|Businesses Hit By Hike in Rates|
Government revaluations branded a ‘stealth’ tax by opponents
Escalating property values could mean retailers will be hit by the increase in business rates, according to a report from property consultancy GL Hearn and Investment Property Databank.
An estimated extra £1.5 billion bill is set to fall at the feet of companies following the Government’s revaluation of business rates.
Every five years the rateable values of all business properties are reassessed and after the Government sent out almost two million bills to firms across the country this week, they were accused by the Conservative opposition of using 'stealth' measures to increase the tax. Tories claim that the new rateable values are equivalent to a 10% hike in business rates.
Phillip Hammond, shadow local government minister, said, "Business rates, like council tax, are being used as a stealth tax by Labour. Since 1997, the business rate tax take has already risen by almost three times the rate of inflation. Soaring taxes on businesses will undermine local firms and increase prices in shops."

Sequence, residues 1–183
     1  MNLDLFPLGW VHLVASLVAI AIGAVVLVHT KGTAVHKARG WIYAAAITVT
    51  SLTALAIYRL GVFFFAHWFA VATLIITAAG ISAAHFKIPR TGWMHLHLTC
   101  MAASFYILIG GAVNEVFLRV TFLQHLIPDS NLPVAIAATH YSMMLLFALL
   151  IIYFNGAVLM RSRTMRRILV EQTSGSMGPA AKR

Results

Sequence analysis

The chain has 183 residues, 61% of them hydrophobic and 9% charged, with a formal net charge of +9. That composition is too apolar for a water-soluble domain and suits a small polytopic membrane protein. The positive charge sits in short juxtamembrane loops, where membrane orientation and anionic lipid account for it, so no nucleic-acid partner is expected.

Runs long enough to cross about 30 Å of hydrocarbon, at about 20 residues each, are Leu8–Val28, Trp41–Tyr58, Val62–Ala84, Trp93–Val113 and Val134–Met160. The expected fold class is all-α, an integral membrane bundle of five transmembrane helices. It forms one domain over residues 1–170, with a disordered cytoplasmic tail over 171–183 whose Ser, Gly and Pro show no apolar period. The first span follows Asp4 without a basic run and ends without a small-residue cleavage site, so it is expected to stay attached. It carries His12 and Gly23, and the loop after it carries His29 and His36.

And the opposition are not alone in their condemnation. According to business news website Startups, The Federation of Small Businesses (FSB) maintain the revaluation process sees retailers being hit by an average 15.7% rise in business rates.
The British Chamber of Commerce said the current system of business rates works well in the main but complained some firms were being charged disproportionately.
By contrast, online retailers are set to benefit from the revaluation, because rates are forecast to decrease by 1.5 per cent for distribution warehouses.
In 2005/2006, £19.9 billion was collected in business rates, representing 4.35 per cent of the total tax income generated by the Government.
December 18, 2007